An AP article in the December 24, 2007 Atlanta Journal-Constitution titled “`Drilling Up’ Into Space for Energy” contained some very interesting quotes:

“American entrepreneur Kevin Reed proposed that Palau’s uninhabited Helen Island would be an ideal spot for a small demonstration project, a 260-foot-diameter “rectifying antenna,” or rectenna, to take in 1 megawatt of power transmitted earthward by a satellite orbiting 300 miles above Earth.”

“The climate change implications are pretty clear. You can get basically unlimited carbon-free power from this,” said Mark Hopkins, senior vice president of the National Space Society in Washington.

To Robert N. Schock, an expert on future energy with the U.N.’s Intergovernmental Panel on Climate Change (IPCC), space power doesn’t look like science fiction. “I wouldn’t be surprised at the beginning of the next century to see significant power utilized on Earth from space – and maybe sooner.”

Listen to Rob’s answer to this question from the 2008 Bright Spot radio interview:

Part 1:

Part 2:

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Are there other reasons you believe we should be developing space-based solar power?

Yes, several very important ones. U.S. manufacturing and technology companies are concerned about being able to hire enough capable employees to replace the experienced workforce, a large percentage of which will be eligible to retire within the next ten years. Our domestic “intellectual feedstock” is very low, which is one of many reasons we haven’t built any new nuclear facilities in the last twenty-five years. Like Apollo and other U.S. space programs did so many years ago, space-based solar power will inspire new generations of U.S. science and technology graduates.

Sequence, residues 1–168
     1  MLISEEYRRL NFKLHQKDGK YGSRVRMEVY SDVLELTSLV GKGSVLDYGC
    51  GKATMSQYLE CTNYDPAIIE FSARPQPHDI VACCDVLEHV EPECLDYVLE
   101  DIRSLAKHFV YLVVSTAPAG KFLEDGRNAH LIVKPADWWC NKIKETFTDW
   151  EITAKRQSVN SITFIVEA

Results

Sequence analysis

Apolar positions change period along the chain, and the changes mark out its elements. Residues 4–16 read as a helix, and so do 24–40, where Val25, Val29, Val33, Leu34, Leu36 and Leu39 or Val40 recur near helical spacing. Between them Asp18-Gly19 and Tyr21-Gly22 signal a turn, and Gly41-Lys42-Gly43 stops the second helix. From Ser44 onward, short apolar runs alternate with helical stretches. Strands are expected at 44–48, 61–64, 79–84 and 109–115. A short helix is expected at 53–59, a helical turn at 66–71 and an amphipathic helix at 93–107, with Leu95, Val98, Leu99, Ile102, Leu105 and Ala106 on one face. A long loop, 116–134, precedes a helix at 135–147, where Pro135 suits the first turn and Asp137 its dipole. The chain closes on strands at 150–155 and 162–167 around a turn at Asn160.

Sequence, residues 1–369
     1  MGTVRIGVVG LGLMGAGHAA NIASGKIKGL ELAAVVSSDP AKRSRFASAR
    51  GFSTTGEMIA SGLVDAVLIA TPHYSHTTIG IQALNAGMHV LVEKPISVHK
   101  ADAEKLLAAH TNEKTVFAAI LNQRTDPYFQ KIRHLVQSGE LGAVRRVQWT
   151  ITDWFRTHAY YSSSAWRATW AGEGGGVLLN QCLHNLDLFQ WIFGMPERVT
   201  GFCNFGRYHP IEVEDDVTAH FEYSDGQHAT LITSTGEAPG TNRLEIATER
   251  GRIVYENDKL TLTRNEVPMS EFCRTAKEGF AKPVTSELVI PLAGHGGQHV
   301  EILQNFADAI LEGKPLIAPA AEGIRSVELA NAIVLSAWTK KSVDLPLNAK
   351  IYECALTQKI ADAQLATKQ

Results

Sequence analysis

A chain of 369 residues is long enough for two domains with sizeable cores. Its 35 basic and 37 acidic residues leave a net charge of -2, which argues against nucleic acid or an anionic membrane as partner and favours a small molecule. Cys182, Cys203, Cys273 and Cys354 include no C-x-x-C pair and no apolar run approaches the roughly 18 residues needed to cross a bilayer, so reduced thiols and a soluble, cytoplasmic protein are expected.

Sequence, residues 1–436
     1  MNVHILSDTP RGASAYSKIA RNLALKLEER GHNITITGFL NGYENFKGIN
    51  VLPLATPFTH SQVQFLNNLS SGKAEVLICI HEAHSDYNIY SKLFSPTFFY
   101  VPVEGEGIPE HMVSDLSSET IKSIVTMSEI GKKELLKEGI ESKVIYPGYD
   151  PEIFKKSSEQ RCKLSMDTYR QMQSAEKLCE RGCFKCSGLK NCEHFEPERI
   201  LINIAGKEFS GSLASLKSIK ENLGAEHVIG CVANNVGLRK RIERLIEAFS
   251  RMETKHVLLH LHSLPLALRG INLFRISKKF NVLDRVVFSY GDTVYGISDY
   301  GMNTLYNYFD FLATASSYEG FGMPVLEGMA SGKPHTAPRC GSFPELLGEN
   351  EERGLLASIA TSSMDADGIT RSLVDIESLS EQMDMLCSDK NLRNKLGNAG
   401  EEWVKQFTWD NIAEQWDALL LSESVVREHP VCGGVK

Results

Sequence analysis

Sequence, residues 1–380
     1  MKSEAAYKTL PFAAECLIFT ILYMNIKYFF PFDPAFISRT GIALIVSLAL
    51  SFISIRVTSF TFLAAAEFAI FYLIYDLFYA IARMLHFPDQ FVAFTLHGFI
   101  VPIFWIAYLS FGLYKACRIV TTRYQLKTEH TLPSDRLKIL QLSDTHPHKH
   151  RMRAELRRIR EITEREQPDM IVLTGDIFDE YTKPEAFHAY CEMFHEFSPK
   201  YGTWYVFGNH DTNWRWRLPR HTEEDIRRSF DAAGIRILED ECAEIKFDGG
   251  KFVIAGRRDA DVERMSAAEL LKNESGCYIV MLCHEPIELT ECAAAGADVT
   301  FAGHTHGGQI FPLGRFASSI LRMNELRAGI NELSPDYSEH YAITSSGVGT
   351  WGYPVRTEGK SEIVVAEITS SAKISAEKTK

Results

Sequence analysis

The U.S. domestic manufacturing base is badly eroded, and while some economists say that we are moving toward a service-based economy, common sense tells me that we should regain our independence and self-sufficiency in many areas necessary to support our own society. Now that what seems like the majority of our clothing, computers, cars, oil, toys and electronics are imported, space-based solar power will support the development of new domestic manufacturing industries.

We will also benefit from spin-offs similar to the original space program (microelectronics, the Internet, Velcro, Tang, etc.) Better earth-based solar power efficiency will be gained. Low cost and reliable access to space will support many new industries. Perhaps a space tourism industry will be the forerunner of space colonization. Manufacturing in zero gravity and the hard vacuum of space will yield new materials and new products. Moon- and asteroid-based operations, along with the mining of natural resources in space, will provide platforms for protection from comet / asteroid strikes, which are also known as near-Earth objects (NEOs).